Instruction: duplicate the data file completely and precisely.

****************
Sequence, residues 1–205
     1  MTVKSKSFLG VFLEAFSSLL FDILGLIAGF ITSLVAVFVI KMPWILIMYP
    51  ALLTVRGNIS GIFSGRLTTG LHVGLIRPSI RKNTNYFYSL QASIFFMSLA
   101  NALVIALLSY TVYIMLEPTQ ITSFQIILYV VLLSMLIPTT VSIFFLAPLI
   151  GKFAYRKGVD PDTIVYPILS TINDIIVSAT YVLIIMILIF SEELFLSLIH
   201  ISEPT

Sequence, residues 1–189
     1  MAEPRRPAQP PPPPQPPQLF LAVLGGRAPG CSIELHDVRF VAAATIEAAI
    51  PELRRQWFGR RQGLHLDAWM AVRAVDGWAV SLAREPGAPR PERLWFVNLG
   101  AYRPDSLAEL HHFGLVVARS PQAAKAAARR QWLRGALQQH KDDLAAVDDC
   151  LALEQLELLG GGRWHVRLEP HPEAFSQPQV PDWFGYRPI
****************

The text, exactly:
Sequence, residues 1–205
     1  MTVKSKSFLG VFLEAFSSLL FDILGLIAGF ITSLVAVFVI KMPWILIMYP
    51  ALLTVRGNIS GIFSGRLTTG LHVGLIRPSI RKNTNYFYSL QASIFFMSLA
   101  NALVIALLSY TVYIMLEPTQ ITSFQIILYV VLLSMLIPTT VSIFFLAPLI
   151  GKFAYRKGVD PDTIVYPILS TINDIIVSAT YVLIIMILIF SEELFLSLIH
   201  ISEPT

Sequence, residues 1–189
     1  MAEPRRPAQP PPPPQPPQLF LAVLGGRAPG CSIELHDVRF VAAATIEAAI
    51  PELRRQWFGR RQGLHLDAWM AVRAVDGWAV SLAREPGAPR PERLWFVNLG
   101  AYRPDSLAEL HHFGLVVARS PQAAKAAARR QWLRGALQQH KDDLAAVDDC
   151  LALEQLELLG GGRWHVRLEP HPEAFSQPQV PDWFGYRPI